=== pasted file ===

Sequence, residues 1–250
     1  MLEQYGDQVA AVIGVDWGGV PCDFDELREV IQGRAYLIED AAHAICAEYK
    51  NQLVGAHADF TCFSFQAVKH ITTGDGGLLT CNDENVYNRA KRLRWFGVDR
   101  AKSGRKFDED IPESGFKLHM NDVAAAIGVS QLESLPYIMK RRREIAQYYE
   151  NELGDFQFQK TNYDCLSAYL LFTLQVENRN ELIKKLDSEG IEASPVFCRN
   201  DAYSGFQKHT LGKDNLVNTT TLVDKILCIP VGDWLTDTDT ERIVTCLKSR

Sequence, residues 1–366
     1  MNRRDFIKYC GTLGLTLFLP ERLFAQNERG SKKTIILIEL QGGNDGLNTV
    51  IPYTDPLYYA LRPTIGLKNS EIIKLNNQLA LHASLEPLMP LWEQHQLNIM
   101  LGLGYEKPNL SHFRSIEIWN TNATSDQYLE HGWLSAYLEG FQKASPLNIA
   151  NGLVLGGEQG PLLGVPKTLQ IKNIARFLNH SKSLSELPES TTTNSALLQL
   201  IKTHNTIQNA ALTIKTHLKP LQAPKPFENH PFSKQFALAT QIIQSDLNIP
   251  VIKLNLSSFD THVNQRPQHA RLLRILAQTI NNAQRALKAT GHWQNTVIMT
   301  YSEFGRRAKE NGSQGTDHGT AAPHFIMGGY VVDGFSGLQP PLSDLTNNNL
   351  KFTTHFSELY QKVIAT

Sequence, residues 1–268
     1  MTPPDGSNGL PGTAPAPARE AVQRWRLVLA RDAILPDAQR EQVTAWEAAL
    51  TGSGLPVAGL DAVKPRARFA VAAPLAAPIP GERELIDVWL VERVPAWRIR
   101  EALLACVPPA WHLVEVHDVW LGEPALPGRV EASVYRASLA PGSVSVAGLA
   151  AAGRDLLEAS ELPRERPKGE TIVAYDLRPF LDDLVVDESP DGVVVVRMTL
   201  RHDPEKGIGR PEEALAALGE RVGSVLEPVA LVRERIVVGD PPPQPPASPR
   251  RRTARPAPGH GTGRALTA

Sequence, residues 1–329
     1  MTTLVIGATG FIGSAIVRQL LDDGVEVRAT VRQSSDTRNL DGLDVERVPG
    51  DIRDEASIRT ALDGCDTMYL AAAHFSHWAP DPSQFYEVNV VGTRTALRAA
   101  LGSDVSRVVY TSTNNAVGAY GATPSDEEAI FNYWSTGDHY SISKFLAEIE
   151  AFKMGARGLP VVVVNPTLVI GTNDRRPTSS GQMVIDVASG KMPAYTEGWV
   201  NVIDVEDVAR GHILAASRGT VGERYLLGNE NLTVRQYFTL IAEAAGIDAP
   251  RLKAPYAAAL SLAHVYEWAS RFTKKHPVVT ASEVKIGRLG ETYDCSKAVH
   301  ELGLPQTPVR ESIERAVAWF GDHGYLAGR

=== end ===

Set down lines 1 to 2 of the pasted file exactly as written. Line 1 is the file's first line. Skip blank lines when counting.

Sequence, residues 1–250
     1  MLEQYGDQVA AVIGVDWGGV PCDFDELREV IQGRAYLIED AAHAICAEYK